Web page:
What is growth mindset?

In her book, Mindset: The new psychology of success, Carol Dweck writes, “growth mindset is based on the belief that your basic qualities are things you can cultivate through your efforts, your strategies, and help from others.” In other words, if you believe you can get better, smarter, faster AND you put effort into it – then you will.

Fixed mindset, on the other hand, is a belief that your intelligence, gifts, character, creative ability, etc are fixed and cannot be improved. We are born with a certain amount of innate talent and we cannot develop past that point.

Why does growth mindset matter? 

Carol Dweck’s research repeatedly links growth mindset and continued growth and success throughout life. She provides examples of people that we now view as experts in their field, like Michael Jordan, Albert Einstein, and Jackson Pollack, that didn’t show promise early in their careers. It was practice, effort, and experimentation that led to success.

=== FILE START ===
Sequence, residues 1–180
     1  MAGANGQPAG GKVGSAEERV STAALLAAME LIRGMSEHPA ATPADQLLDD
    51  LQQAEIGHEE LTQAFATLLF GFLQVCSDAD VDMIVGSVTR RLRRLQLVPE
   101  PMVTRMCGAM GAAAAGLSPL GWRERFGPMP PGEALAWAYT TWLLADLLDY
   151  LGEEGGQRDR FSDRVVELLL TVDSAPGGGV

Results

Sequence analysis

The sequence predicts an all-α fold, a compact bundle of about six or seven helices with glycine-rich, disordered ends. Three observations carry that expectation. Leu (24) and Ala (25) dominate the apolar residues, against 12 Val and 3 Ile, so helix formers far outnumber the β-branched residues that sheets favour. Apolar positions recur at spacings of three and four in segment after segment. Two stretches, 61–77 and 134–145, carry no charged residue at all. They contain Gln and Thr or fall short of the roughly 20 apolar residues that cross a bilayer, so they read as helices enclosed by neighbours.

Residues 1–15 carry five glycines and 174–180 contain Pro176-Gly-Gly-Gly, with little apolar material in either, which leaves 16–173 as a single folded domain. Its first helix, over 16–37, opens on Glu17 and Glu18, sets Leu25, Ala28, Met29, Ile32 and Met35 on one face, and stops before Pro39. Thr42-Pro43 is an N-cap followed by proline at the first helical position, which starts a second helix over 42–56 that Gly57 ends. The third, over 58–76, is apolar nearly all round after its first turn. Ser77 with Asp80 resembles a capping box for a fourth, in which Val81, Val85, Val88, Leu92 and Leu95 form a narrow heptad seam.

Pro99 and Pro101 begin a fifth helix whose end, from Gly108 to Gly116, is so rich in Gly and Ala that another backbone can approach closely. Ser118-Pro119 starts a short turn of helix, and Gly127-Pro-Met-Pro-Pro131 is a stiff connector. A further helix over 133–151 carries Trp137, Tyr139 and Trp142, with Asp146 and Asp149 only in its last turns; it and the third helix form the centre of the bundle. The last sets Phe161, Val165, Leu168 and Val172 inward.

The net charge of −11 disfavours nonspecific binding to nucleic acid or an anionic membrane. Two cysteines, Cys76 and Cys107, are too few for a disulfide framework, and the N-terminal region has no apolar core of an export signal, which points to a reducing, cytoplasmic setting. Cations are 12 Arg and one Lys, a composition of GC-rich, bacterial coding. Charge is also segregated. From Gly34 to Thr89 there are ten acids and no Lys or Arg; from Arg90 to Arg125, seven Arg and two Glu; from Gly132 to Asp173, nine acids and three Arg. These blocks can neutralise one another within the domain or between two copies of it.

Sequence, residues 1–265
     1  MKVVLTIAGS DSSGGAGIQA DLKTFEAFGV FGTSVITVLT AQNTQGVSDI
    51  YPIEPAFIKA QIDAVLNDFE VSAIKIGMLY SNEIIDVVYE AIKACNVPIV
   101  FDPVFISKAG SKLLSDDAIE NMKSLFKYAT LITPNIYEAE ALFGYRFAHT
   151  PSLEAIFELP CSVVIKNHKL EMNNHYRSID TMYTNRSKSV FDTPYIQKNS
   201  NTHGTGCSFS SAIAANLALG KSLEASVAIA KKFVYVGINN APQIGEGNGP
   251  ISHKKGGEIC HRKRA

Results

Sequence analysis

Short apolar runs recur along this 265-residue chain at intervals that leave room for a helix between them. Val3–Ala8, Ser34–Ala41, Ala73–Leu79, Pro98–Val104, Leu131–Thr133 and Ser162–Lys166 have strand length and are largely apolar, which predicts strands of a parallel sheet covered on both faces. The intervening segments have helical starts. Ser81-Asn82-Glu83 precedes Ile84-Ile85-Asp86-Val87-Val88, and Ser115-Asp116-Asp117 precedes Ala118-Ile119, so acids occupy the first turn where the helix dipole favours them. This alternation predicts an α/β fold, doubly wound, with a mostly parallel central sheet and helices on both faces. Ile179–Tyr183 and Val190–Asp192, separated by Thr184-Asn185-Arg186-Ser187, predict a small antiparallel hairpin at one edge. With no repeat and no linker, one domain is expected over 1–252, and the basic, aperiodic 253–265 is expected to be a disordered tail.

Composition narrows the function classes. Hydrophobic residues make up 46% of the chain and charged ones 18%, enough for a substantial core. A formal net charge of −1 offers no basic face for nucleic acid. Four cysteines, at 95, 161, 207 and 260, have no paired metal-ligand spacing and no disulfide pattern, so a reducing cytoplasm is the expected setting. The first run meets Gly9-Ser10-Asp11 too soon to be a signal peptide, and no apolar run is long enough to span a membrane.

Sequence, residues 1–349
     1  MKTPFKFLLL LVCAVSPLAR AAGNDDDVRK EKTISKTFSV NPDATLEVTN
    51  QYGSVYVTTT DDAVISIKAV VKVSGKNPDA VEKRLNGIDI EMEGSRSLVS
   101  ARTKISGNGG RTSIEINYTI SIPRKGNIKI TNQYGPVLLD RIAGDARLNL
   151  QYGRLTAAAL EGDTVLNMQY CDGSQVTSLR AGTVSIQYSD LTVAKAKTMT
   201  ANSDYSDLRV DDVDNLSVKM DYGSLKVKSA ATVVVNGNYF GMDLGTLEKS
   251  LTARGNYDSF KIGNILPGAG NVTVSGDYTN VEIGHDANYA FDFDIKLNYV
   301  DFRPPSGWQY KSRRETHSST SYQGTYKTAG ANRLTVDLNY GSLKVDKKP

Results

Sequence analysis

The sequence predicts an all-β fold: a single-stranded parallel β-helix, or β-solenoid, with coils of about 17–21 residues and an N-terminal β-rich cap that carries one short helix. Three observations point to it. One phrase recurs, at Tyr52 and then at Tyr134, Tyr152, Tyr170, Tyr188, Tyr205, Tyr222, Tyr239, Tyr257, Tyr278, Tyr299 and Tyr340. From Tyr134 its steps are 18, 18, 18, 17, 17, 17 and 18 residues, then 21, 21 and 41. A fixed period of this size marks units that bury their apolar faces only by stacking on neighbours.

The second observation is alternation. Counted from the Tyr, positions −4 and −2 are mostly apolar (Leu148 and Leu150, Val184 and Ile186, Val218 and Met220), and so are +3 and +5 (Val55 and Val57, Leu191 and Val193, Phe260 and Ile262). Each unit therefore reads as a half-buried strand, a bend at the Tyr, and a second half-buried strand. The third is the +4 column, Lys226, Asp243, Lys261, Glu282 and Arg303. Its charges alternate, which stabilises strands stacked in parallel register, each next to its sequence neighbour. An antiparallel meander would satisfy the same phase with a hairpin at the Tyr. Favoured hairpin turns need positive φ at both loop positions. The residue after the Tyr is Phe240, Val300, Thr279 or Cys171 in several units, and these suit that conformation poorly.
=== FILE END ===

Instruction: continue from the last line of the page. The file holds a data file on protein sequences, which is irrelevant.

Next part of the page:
This concept doesn’t just apply to world-renowned individuals. Dweck shares stories of kids that are taught the growth mindset and suddenly say “You mean I don’t have to be dumb?” After this realization, test scores improved rapidly. Belief in their abilities created a new reality.

My story

I’ve always been a learner. I enjoyed going to school, read with a flashlight under my bedcovers, and collected pond water to examine under the microscope I got for Christmas. I started this book assuming that I had a growth mindset. But as I read I realized that while I do have a growth mindset in my intellectual ability, there are other areas of my life where a fixed mindset is alive and well.

There’s one area where I shifted from a growth mindset as child to a fixed mindset in middle school and then again to a growth mindset as an adult – creativity.

I’m guessing many of you will identify with my story. As a child I painted and drew to my heart’s content. I never thought about whether my art was “good”. That changed in middle school when art class suddenly had rules and grades. It was immediately clear that I was not good. Art went from being fun and playful to something I avoided for years.

As I grew older my fixed mindset around art broadened to general creativity. Despite the fact that I wrote poems and loved taking photographs, I did not view myself as creative. My mindset told me that I wasn’t good at drawing and painting and therefore I wasn’t a creative person.